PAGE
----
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Glencore Singapore and Straits Pinnacle in legal dispute over contaminated HSFO bunker fuel oil samples

26 Sep 2022

A Case Management Conference between legal representatives of Glencore Singapore Pte Ltd (Glencore) Straits Pinnacle Pte Ltd (Straits Pinnacle) has been scheduled to take place at the High Court of the Republic of Singapore on Thursday (29 September).

The meeting seeks to resolve a dispute relating to the level of contaminants in RMG 380 fuel oil (RMG 380 Fuel Oil) supplied by Straits Pinnacle [Defendant] to Glencore [Claimant].

Glencore, for the preservation of evidence, is seeking to have its elected fuel testing agency Inspectorate (Singapore) Pte Ltd conduct checks of six RMG 380 Fuel Oil test samples currently held by AmSpec Testing Services Pte. Ltd. and CCIC Singapore Pte. Ltd.

“It is the Claimant’s position that the Test Samples are degrading with time in respect of the level of contaminants in the Test Samples, thus the urgency of the matter,” stated Glencore’s lawyers, according to court documents obtained by Singapore bunkering publication Manifold Times

Four of the test samples fall under a January 2022 sale and purchase (S&P) contract of approximately 105,000 metric tonnes (mt) of RMG 380 Fuel Oil, while two of the test samples come under a February 2022 S&P contract of approximately 105,000 mt of RMG 380 Fuel Oil.

Documents further stated Glencore previously commencing Singapore International Arbitration Centre (SIAC) Emergency Applications against Straits Pinnacle, but those applications have been dismissed “because the Claimant’s applications were defective and dismissed for want of jurisdiction,” stated Straits Pinnacle’s lawyers.

Questions arise on ‘Urgent’ Case Management Conference

Interestingly, the Case Management Conference submitted by Glencore’s legal team to Straits Pinnacle on 8 September originally requested for it to take place in the week starting 12 September due to its alleged urgency.

The development reduces the time afforded to Straits Pinnacle to file its affidavit from the standard 21 days to 7 days, argued Straits Pinnacle’s lawyers.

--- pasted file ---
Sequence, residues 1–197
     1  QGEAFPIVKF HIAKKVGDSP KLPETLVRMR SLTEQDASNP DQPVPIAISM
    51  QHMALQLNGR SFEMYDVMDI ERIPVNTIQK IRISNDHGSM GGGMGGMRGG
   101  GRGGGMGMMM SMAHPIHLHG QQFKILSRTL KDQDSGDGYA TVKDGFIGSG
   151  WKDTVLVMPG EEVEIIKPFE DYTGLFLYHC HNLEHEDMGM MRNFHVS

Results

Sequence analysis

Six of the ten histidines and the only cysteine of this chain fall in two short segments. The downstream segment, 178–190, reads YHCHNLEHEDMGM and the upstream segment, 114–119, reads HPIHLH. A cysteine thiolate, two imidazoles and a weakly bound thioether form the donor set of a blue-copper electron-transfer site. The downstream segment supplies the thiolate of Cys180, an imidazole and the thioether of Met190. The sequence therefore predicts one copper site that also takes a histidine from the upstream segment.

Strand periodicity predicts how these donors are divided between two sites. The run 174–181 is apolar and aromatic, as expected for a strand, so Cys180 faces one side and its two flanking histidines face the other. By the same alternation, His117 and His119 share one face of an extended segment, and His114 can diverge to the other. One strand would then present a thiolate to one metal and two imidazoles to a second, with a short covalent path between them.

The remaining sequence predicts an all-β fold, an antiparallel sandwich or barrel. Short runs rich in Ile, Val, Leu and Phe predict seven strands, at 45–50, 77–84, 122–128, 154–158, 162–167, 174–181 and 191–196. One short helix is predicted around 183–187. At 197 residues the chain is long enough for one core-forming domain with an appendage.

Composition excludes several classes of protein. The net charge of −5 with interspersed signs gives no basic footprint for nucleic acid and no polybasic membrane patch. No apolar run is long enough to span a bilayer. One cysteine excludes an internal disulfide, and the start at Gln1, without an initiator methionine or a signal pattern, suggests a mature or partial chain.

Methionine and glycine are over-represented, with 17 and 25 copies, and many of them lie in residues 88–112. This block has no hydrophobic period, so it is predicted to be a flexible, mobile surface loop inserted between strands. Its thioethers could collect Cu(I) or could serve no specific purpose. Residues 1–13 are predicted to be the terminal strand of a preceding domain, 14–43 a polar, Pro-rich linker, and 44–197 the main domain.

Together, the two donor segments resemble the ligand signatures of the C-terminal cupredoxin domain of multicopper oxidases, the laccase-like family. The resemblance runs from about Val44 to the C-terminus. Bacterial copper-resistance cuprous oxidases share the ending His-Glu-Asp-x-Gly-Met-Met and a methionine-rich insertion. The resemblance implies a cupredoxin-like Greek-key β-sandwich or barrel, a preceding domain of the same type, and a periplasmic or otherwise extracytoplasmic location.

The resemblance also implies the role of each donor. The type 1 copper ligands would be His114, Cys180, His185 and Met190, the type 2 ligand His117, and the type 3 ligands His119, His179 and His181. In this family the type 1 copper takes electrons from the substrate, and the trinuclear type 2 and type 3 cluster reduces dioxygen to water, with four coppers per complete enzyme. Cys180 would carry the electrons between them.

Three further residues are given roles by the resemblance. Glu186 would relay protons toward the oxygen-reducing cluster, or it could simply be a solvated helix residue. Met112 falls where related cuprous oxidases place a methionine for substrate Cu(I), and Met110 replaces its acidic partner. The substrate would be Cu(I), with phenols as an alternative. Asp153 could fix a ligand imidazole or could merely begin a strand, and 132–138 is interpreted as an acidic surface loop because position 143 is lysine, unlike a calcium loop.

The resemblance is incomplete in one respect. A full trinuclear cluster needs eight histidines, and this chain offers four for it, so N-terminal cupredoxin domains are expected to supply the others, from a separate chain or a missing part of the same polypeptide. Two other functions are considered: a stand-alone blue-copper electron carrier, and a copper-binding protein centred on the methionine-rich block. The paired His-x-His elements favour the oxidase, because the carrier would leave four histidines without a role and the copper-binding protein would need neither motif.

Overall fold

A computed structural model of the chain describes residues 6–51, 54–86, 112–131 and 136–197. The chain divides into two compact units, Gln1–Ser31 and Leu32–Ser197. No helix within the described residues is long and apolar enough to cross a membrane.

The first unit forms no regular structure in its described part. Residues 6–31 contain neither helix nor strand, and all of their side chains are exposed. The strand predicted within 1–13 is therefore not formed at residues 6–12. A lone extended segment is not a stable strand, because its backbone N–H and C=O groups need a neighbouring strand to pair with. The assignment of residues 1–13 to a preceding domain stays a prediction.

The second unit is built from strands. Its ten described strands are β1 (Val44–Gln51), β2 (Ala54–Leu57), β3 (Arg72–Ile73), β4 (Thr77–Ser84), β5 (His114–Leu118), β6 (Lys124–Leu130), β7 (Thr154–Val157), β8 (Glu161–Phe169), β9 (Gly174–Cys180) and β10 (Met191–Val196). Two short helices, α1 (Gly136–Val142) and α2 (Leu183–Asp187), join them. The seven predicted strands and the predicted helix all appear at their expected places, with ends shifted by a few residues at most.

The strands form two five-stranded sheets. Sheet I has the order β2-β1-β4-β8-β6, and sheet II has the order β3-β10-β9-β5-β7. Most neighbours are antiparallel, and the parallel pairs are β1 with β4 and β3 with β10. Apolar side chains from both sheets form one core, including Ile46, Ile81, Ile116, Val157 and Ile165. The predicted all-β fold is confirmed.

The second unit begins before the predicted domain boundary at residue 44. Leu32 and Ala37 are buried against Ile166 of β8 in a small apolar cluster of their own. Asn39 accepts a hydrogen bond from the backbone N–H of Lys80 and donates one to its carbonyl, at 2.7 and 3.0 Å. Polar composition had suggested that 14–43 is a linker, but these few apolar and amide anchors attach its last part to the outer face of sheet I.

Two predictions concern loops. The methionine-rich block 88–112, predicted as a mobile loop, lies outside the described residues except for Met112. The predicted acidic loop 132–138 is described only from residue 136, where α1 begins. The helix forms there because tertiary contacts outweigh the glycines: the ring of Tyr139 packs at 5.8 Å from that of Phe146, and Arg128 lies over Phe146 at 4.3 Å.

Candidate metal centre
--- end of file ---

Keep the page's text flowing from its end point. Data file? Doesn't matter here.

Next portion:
The modus operandi to-date of Glencore’s lawyers seems to be “to overwhelm Straits Pinnacle and its legal team by mounting concurrent and successive applications irrespective of their individual merits,” they observed.

Glencore has concurrently commenced two sets of SIAC arbitrations, two sets of ad hoc arbitrations, two sets of emergency applications pursuant to the SIAC Rules (which has since been dismissed), two sets of originating applications, and documents spanning more than 1,800 pages in total against Straits Pinnacle.

The lawyers added there was “absolutely no urgency to the present applications” as samples of the RMG 380 fuel oil were taken in February 2022 and almost seven months have elapsed before Glencore’s request to hold a Case Management Conference at the high Court.

“This is an abuse of process and the Defendant will address the Honourable Court further on this in due course,” highlighted Straits Pinnacle’s legal team – which successfully pushed back the Case Management Conference to 29 September.

Related: Singapore: “Ore Shangdong” owner in damages claim against PetroChina International over off-spec marine fuel
Related: MPA completes investigations into bunker fuel contamination; temporary suspends Glencore’s Bunkering Licence
RelatedMPA investigation traces contaminated bunker fuel back to source at Port of Khor Fakkan
RelatedMPA: Glencore and PetroChina supplied contaminated bunkers to about 200 ships in the Port of Singapore


Photo credit: Manifold Times
Published: 26 September, 2022

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